DOC area for liqueur wine in the Italian region of Sicily. It is one of the most famous dessert wines in the world and is named after the port of the same name (Arabic Marsah-el-Allah = port or gate of God) in the province of Trapani. The zone with more than 5,000 hectares of vineyards covers the entire province of Trapani, with the exception of the island of Pantelleria, which is located off the coast of Sicily and belongs to it, and the municipalities of Alcamo and Favignana. In 1770, the English merchant and wine expert John Woodhouse came to Marsala and began exporting Sicilian wines to England, because the demand for port and sherry there exceeded supply. 1773 is considered the year of "invention", when Woodhouse added eight litres of spirit to each of the four hundred litre barrels destined for England. He had already been involved in the production of port wine in Portugal. In 1796 he opened the first Marsala House in Marsala, consisting of a warehouse and cellar.
The success of the wine was initiated, so to speak, by the English Admiral Horatio Nelson (1758-1805), who in 1800 ordered an annual delivery of 500 barrels for the fleet. In 1812 the Englishman Benjamin Ingham founded a second company in Marsala and exported the wine to North America and Australia. The largest Marsalahaus Florio still in existence today was opened in 1832 by Vincenzo Florio. All three companies were finally taken over by the Wormwood House Cinzano in 1929.
The DOC rules of 1969 still allowed flavouring with ingredients such as bananas, eggs, cinchona bark, strawberries, almonds, cream, coffee, etc. Especially the egg yolk added "Marsala all'Uovo" was popular. These types, known as "Marsala Speciale" even had their own DOC status. The partly quite adventurous mixtures contributed to the bad image in the end. Strongly restrictive DOC regulations were issued in 1994. The special forms were no longer allowed to be called Marsala and the permitted additives and methods were strictly regulated. The starting product is a different blend of the white wine varieties Ansonica(Inzolia), Catarratto Bianco, Damaschino and Grillo, as well as the red wine varieties Calabrese(Nero d'Avola), Nerello Mascalese, Nerello Cappuccio and Pignatello(Perricone), depending on the type of Marsala.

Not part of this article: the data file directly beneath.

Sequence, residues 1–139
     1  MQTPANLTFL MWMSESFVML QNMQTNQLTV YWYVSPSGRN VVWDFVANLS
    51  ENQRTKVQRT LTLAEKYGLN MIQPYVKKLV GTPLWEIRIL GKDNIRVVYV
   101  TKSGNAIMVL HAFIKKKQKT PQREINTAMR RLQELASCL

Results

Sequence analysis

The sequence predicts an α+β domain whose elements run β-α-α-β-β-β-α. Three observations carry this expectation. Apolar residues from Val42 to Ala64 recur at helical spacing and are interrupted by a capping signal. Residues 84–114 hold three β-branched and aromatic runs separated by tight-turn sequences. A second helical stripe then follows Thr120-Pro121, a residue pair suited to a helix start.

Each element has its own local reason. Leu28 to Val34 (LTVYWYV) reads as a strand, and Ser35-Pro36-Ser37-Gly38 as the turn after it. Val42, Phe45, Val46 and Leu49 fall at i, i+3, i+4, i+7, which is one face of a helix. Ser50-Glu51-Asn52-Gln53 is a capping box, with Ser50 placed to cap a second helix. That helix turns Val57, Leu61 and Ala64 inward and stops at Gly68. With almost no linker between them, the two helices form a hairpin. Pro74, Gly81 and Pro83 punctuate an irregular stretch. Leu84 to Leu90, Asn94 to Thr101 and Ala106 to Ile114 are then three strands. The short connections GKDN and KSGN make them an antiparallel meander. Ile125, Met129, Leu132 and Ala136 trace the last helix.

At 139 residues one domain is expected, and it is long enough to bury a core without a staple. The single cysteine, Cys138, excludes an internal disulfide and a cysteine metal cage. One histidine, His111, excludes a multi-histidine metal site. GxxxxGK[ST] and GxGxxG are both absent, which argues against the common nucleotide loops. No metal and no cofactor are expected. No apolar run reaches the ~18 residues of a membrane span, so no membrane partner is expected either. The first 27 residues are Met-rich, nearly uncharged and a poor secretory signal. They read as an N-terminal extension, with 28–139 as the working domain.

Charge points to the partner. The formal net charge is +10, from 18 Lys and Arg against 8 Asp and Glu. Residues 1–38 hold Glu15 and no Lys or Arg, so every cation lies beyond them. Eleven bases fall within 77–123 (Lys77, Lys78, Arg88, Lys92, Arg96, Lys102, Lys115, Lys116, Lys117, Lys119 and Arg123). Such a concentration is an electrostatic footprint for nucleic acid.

There are three colour types: oro (white, golden), amber (white, amber) and rubino (ruby red, amber when aged). For all oro and amber types, the four white varieties are blended in any mixture, for all rubino types the three red (70-100%) and the white varieties (up to 30%) are blended. For all three Marsala qualities these three colour varieties are available. The wines are aged in the sweet grades secco (dry, residual sweetness under 40 g/l), semisecco (semi-dry, 40 to 100 g/l) and dolce (sweet, over 100 g/l). Since 1984, only two types, Fine and Superiore, may be added: "Mosto cotto" (cooked, concentrated must) for sweetening and/or "Sifone" (fortified must). The label sometimes contains abbreviations for the production method.
However, the great time of the marsala seems to be over. From the mid-1980s onwards there was a brief renaissance due to the stricter DOC regulations introduced from 1984 onwards, but in the meantime the traditional wine seems to be slowly being forgotten again. The production volumes fell sharply. The types Vergines/Soleras are only available in small quantities. On the label they are listed after the product name: Variety, colour and degree of sweetness; for example "Marsala Vergine Stravecchio Oro Secco"
Fine: The most common type in terms of quantity enjoys a rather low reputation in terms of quality, as mostly the simplest wines are produced. The ageing period is at least one year, although this does not have to be in barrels. The alcohol content must be at least 17% vol. I. P. (Italy Particular) may be indicated on the label.
Superiore: The maturing time in wooden barrels is at least two years and for Superiore Riserva at least four years. The alcohol content must be at least 18% vol. Most of these wines are aged sweet (dolce). The label can indicate SOM (Superior Old Marsala), LP (London Particular) or GD (Garibaldi Dolce).
Vergine or Soleras: In this highest quality Marsala type, wines from different vintages and qualities are artfully blended with each other, similar to the Solera system in sherry. Sweetening and sprittling is prohibited in comparison to the other two types. It is also the only type that is only matured in "secco". The alternatively used additional designations Vergine and Soleras, as well as Riserva and Stravecchio have the same meaning. The maturing period in the barrel is at least five years; for Vergine (Soleras) Stravecchio and Vergine (Soleras) Riserva at least ten years. The alcohol content must be at least 18% vol.
Well-known producers are (with some historical farms): Marco de Bartoli, Donnafugata (no longer produces any), Florio, Pellegrino and Rallo. Bartoli does not even mention the name "Marsala" on the label for its top product "Vecchio Samperi" in Vergine quality (no DOC status), but only markets it as a simple wine (formerly Vino da Tavola). The reason is disagreements with the responsible authorities.